Just about every high school in America has a line item in its budget for vending machines. Those machines might offer Coke, they might offer Pepsi, or they might offer vitamin water. But whatever they offer, they dispense only when students, faculty or staff deposit the required amount of change. And that change adds up. Read the rest of this entry »
Sounds impossible, right? Well, it turns out that if stress were inherently stressful, we would all be stressed by the same things. And we’re not.
Some people are stressed by traffic. Some aren’t.
Some people are stressed by their families. Some aren’t.
Some people are stressed by snakes. Some aren’t – - but those people are usually stressed by spiders. Just saying.
Some life experiences do cause stress for most people. Illness, death, loss. I think we can agree that those are inherently stressful. But much of our day-to-day stress is not.
From as early as I can remember, a boy named Craig Waterman lived next door to me in a basement apartment with his mother and sister, Michelle. Craig was 9 years older than me, and was friendly and kind. I admired him like a big brother. The Vietnam War raged, and when I was 11, Craig was drafted. A few months later he was killed in action. For me, the war came home in Craig’s place.
This led me to some fairly unhealthy pre-adolescent pondering about what his experience might have been in the firefight in which he died. In my professional life this same fixation settled into a deep interest in Post Traumatic Stress Disorder. And what emerged as the most significant facet of my interest is what multiple studies have confirmed are the personality factors that protected the 25% of combat veterans who did not develop PTSD. These highly stress-resistant individuals are characterized by 3 traits: Read the rest of this entry »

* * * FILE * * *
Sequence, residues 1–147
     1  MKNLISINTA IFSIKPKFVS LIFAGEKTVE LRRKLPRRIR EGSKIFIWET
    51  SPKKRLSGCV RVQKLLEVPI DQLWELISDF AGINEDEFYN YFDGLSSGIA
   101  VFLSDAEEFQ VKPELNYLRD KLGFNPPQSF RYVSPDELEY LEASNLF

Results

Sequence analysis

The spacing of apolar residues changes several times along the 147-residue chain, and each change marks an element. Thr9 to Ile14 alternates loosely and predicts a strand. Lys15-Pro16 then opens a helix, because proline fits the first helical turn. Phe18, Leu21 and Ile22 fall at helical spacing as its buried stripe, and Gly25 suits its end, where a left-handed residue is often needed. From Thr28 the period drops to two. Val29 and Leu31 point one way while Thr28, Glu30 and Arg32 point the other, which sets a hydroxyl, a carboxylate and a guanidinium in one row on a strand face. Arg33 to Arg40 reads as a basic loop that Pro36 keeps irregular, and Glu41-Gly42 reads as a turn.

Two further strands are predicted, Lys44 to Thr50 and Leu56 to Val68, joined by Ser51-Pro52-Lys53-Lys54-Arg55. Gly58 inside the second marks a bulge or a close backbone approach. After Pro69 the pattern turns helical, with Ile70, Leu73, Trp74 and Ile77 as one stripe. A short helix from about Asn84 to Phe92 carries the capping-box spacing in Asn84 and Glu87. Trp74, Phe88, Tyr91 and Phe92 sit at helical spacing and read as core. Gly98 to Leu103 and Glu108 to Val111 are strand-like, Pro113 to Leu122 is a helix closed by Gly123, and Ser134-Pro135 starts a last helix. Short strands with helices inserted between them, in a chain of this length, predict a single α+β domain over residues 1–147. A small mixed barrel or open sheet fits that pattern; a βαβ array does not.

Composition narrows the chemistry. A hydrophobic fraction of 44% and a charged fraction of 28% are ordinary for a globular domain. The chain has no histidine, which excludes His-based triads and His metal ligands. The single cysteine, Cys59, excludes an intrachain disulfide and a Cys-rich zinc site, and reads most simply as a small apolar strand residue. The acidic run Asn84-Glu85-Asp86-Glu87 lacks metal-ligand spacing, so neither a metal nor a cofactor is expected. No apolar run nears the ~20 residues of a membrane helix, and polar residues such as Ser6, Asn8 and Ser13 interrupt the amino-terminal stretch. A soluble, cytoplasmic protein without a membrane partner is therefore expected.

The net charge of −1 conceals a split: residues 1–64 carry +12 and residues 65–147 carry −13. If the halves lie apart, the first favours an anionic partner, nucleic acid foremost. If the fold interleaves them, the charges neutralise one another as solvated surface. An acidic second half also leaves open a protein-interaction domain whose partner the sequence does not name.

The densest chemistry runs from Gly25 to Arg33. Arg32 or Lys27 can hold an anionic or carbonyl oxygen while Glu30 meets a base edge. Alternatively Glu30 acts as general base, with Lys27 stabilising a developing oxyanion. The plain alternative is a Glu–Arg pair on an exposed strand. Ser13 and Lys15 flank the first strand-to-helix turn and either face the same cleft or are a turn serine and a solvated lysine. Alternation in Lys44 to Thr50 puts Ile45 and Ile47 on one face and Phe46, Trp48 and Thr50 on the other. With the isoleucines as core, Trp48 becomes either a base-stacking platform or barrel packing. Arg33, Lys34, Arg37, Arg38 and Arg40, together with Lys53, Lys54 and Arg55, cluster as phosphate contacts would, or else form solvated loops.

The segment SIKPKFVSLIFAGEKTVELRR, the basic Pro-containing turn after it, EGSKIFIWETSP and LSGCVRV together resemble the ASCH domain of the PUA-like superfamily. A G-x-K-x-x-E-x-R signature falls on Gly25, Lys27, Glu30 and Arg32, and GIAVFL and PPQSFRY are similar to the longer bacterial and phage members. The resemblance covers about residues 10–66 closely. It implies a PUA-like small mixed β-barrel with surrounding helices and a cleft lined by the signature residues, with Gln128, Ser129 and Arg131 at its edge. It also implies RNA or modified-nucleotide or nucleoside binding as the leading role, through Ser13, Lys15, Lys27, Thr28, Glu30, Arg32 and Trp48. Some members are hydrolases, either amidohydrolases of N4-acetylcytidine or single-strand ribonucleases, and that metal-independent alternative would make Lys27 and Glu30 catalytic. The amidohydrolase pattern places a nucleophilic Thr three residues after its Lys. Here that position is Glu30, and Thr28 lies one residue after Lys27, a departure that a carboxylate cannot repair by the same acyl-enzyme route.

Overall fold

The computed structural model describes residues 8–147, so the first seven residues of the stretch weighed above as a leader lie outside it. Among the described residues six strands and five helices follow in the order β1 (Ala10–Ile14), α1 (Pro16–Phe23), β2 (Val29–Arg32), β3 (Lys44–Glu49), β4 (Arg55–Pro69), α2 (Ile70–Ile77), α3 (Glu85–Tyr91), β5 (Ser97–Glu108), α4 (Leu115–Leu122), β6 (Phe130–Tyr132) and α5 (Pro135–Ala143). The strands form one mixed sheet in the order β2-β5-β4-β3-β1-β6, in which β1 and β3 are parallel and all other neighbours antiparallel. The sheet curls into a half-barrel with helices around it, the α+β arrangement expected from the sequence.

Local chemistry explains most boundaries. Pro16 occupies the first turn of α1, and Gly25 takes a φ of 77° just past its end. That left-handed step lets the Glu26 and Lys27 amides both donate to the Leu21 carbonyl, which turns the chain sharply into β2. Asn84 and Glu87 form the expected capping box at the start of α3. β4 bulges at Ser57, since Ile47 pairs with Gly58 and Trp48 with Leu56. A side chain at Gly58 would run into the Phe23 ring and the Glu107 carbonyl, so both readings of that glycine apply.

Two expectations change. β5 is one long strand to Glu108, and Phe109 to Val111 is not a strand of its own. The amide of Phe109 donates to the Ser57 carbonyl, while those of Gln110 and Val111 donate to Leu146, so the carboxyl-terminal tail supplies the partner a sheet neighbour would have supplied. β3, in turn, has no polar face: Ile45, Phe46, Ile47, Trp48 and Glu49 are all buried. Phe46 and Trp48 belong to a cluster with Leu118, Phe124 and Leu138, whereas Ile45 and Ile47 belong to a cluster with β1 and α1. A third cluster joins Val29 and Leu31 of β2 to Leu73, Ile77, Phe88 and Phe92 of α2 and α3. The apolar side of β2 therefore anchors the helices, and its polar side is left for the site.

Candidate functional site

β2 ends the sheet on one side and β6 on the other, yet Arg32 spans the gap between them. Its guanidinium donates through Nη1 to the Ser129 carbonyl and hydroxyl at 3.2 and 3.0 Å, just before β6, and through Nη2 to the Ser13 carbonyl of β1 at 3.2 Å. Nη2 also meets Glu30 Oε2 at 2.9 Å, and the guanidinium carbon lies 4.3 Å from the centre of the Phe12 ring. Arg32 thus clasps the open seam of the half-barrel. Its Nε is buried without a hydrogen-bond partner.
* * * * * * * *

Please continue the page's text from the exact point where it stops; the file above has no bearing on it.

The two top executives at Intel some years ago, when their main business was making memory chips, were in a situation where their memory business was in ruins. As the story goes, these two gentlemen were preparing themselves for their imminent removal by the board, when one of the two gentlemen asked the other, “So if they fire us, and bring someone else in, what will be the first thing that our replacement will do?” The other replied without hesitation, “They will get us out of the memory business.” The other replied, “Why should we let the next guy do what we should do? Let’s walk out the door, come right back in, and get this company out of the memory business.” They decided to cut their losses by ending their commitment to an unprofitable business venture, and soon found new opportunities elsewhere. Today, they dominate the microprocessor market.
Expand Your Scope of Competence with Each Failure:
In our personal and professional lives, we can gain great advantages by cutting our losses early, learning from our losses, and taking steps to avoid the same mistakes in the future. Read the rest of this entry »
Everyone is looking for the next seminal idea or way of doing business that will lead to greatly increased productivity, profitability, and performance in the workplace. Where do these breakthroughs come from, and what can we do to ensure that we can promote, incubate, and identify them for our own line of work? As always, there is no one magical answer. No single way to get from point A to point Z. Here are ten effective ideas that I developed to help you:
1. If inevitable changes in your industry are coming, embrace them, don’t resist them. That is the only long-term choice that an organization can take. If there is a better way to do something, someone will bring it to market – why not you?
Look at all the missed opportunity: the railroad companies didn’t invent the automobile, filmmakers didn’t create videotapes or DVD’s, and telephone companies continue to underestimate the “creatively destructive” nature of the internet. Read the rest of this entry »